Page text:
Breaking blitzkrieg: How crystal meth fueled Hitler’s conquest of Europe
New English translation of German author’s book about the permeation of the drug during the reign of the Third Reich is set to hit shelves in October.
Nazi Germany’s armed forces carried out their “Blitzkrieg” tactic in the invasions of France and Poland during World War II fulled by methamphetamine-based drugs, according to a German book soon to be published in English.
On October 6, German author Norman Ohler’s newly translated book Blitzed: Drugs in Nazi Germany will hit the shelves.
The German-language bestseller that was originally released in September 2015 explores the permeation of a variation of crystal meth and other opioid drugs used in all ranks of society during the reign of the Third Reich, far before the popular Netflix series Breaking Bad delved into the world of the highly-addictive drug.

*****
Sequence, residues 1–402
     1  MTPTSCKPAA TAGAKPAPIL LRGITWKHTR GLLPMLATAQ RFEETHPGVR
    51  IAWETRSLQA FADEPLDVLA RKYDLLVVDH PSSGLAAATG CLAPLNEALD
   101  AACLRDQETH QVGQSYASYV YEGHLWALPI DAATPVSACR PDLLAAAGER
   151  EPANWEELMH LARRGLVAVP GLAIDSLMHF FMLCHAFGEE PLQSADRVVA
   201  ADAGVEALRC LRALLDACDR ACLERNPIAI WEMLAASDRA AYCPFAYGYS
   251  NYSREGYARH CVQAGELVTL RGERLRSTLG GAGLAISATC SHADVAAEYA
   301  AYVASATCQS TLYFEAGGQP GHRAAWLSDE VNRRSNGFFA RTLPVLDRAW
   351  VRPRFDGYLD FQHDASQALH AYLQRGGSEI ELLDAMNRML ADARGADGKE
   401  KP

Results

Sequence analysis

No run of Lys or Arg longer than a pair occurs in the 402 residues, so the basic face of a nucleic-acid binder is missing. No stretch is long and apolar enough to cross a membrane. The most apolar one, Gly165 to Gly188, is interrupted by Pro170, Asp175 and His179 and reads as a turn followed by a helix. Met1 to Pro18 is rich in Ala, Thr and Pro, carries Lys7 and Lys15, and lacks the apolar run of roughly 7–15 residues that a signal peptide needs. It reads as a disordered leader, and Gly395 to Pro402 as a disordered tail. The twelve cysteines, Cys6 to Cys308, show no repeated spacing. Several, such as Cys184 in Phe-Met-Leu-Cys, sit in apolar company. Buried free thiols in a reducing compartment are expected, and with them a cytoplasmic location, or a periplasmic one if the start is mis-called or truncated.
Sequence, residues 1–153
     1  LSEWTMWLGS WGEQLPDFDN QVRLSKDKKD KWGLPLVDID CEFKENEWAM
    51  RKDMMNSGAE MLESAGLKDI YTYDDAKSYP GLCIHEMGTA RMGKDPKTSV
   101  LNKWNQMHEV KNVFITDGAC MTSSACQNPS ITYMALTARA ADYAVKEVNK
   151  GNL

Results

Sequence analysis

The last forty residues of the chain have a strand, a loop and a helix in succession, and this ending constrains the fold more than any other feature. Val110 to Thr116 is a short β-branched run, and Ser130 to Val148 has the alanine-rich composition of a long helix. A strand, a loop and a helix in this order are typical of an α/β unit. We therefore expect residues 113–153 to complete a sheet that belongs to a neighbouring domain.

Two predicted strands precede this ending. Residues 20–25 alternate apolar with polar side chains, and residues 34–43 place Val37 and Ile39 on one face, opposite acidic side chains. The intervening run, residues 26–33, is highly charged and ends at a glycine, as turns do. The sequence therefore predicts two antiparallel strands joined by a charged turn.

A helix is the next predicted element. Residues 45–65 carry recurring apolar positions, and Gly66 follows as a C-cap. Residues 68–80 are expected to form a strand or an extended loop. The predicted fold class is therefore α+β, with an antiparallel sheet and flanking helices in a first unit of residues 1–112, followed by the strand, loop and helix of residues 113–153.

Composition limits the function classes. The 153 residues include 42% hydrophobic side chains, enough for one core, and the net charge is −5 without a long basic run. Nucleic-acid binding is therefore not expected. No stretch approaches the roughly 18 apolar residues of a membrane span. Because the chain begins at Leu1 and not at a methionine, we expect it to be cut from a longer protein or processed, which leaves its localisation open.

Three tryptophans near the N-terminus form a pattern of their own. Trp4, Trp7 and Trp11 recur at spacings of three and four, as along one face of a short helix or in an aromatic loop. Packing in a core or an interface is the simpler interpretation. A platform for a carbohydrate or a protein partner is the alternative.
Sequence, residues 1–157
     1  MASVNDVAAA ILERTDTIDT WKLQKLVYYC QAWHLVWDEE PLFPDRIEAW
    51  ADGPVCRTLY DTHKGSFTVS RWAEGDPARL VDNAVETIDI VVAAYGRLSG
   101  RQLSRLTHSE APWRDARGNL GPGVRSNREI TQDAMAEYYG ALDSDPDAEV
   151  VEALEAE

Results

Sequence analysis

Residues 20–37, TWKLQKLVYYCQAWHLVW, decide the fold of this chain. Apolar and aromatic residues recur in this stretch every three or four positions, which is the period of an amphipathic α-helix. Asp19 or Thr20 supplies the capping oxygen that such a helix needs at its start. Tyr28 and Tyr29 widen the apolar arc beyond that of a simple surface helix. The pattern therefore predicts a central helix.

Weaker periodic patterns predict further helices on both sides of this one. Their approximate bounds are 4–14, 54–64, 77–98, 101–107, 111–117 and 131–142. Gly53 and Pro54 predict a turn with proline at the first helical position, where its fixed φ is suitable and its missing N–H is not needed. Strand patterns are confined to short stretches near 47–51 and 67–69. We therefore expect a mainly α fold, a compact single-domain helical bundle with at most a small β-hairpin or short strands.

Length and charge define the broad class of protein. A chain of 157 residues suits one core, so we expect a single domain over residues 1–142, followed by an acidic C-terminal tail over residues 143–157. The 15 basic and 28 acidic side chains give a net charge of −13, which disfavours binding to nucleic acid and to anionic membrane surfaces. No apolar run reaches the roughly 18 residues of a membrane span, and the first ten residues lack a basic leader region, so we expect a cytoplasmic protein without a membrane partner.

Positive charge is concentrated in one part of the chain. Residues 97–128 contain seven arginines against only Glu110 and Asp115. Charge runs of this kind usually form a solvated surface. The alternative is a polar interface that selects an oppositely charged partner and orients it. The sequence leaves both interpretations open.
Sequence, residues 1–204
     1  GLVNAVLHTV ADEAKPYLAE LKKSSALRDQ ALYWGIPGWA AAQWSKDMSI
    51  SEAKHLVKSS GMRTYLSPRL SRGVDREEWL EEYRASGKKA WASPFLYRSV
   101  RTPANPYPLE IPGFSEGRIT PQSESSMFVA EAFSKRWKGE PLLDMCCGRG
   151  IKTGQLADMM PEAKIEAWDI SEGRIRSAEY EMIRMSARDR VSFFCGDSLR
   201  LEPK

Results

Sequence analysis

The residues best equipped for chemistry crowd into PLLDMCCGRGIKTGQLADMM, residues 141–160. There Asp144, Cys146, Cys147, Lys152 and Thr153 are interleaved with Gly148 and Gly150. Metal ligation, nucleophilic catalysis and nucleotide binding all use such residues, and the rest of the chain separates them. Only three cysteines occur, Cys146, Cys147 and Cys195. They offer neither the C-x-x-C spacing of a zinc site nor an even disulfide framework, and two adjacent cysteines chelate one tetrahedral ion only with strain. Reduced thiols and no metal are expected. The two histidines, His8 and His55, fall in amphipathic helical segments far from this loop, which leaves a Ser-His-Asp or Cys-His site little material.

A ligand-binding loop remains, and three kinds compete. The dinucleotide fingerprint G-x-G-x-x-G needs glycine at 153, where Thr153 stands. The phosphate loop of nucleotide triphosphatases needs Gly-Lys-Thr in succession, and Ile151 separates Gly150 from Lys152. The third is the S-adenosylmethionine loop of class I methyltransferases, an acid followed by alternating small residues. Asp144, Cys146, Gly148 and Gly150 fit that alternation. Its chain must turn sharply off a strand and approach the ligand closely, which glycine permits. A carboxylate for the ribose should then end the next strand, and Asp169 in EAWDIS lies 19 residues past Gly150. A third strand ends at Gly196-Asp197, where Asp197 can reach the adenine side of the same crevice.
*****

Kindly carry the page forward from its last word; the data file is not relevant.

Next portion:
Ohler’s findings were reportedly concluded from archival research in Germany and the US.
From 1937 onward, the Nazis mass produced the high quality methamphetamine pill labeled Pervitin. Before Pervitin even, its predecessor Volksdroge (the people’s drug) was readily available in chemist shops in the country.
Ohler’s book charges that the synthesized stimulant was distributed among German forces and became omnipresent in German society among the likes not only of top Nazi commanders, but that of factory workers and housewives.
“In the beginning the army didn’t realize Pervitin was a drug: soldiers thought it was just like drinking coffee,” the British Independent quoted
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